Issue 1 (2006)
Narrative Transactions - Does the Law Need a Narratology?I have for some time been puzzled about the status of narrative in the law, and more particularly the status of talk about narrative in the law. On the one hand, there has been plenty of legal scholarship-starting more or less from the "storytelling" issue of Michigan Law Review in 1989 - on the uses (and the virtues) of "outsider" narratives in the law, and even before that there was Robert Cover's foundational Nomos and Narrative. It has become something of a commonplace - too much of one - that legal storytelling has the virtue of presenting the lived experience of marginalized groups or individuals in a way that traditional legal reasoning doesn't. This view has of course been criticized, and some of the more naïve assumptions about the moral benefits of storytelling have been questioned. On the other hand, I am not aware that all this story talk has made any difference to legal actors. Trial advocates tell stories - they have always told stories - and clinical training in advocacy includes some attention to construction of the story you will tell in the courtroom (which of course echoes the training in rhetoric given to lawyers in antiquity, when rhetoric and the law were inextricably interwoven). In particular, it is assumed that juries often decide verdicts on the basis of the more persuasive story presented at trial. Yet you search in vain for any explicit recognition by legal decisionmakers that how a story is told can make a difference in legal outcomes. That is not quite true: there are moments when the law notes that a story has been mis-told, or not told according to the rules (of evidence, for instance), or doesn't make sense as told. Appellate courts are to some degree the enforcers of rule-governed storytelling. Yet they don't talk narrative talk. They are conspicuously lacking in the analytic vocabulary and tools of literary "narratology," for instance. Narratology - which I shall discuss in more detail later on- distinguishes between events in the world and the ways in which they are presented in narratives. It pays attention to the parts of narrative and how they combine in a plot; to how we understand the initiation and completion of an action; to standard narrative sequences (stock stories, one might say); and to the movement of a narrative through a state of disequilibrium to a final outcome that reestablishes order. Narratology also studies perspectives of telling: who sees and who tells, the explicit or implicit relation of the teller to what is told, the varying temporal modalities between the told and its telling. I know of only one instance when the Supreme Court shows an explicit, quasi-narratological awareness of narrative as a category of thought and presentation of reality (I'll come back to it later), and it has not produced a sequel.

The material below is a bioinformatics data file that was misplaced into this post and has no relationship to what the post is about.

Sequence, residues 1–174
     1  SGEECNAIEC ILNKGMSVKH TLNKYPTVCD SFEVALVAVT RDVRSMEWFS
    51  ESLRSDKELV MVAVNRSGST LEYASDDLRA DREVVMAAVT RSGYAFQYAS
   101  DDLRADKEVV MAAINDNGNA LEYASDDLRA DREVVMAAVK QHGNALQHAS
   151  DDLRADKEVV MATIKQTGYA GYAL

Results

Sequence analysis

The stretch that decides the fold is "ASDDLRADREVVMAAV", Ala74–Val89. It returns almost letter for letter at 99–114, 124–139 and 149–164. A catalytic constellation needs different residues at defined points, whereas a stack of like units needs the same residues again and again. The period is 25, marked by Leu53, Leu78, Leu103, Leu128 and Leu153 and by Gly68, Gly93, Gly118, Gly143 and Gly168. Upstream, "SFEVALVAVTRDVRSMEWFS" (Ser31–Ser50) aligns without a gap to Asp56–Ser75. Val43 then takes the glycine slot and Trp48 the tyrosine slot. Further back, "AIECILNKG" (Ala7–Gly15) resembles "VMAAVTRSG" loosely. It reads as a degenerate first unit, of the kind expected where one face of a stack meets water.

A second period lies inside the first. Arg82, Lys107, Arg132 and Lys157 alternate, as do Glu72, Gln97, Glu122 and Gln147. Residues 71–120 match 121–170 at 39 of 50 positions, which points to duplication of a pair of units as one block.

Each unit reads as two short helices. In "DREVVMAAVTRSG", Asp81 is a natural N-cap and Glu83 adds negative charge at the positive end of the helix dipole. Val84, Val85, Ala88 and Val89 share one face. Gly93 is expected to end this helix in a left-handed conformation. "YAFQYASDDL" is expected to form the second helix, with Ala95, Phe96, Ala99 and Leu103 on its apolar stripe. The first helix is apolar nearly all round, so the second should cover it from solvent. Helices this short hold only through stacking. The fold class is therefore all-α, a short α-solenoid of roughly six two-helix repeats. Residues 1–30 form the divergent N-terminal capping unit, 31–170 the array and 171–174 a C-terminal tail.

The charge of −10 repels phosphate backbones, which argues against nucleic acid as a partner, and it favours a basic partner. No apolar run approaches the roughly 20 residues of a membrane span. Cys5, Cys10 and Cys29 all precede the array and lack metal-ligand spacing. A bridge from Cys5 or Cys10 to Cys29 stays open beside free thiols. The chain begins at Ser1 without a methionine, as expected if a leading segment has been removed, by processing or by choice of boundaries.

The Emergence of Public Prosecution in London, 1790-1850Historians of English criminal justice administration have long asserted that criminal prosecution in England before the second half of the nineteenth century was overwhelmingly "private" in nature. Before the mid-nineteenth century, so the received wisdom goes, "prosecution was almost invariably the sole responsibility of the victim." As the subject's leading historian has observed, "the typical prosecution" in England in the eighteenth and early nineteenth century was "at the initiative of a private citizen who was the victim of a crime and who conducted the prosecution in almost all cases." Indeed, Parliament did not even establish a public prosecutor's office until 1879, and, thereafter, the office only gradually assumed prosecutorial responsibilities in a small subset of criminal cases. Considered from a comparative perspective, England's apparent disinterest in public prosecution before the second half of the nineteenth century appears strikingly anomalous. By 1800, countries on the European Continent had long come to rely on public officials to investigate and conduct criminal cases. Even within Britain itself, public prosecution existed by the early years of the nineteenth century: in Scotland, by that time, an official known as the "Procurator Fiscal" essentially "monopolized all serious criminal prosecutions." And in the United States, which adopted the principal aspects of English criminal law and procedure, states, counties, and cities routinely relied upon public prosecutors to investigate, manage, and argue a broad range of criminal cases by the early years of the nineteenth century.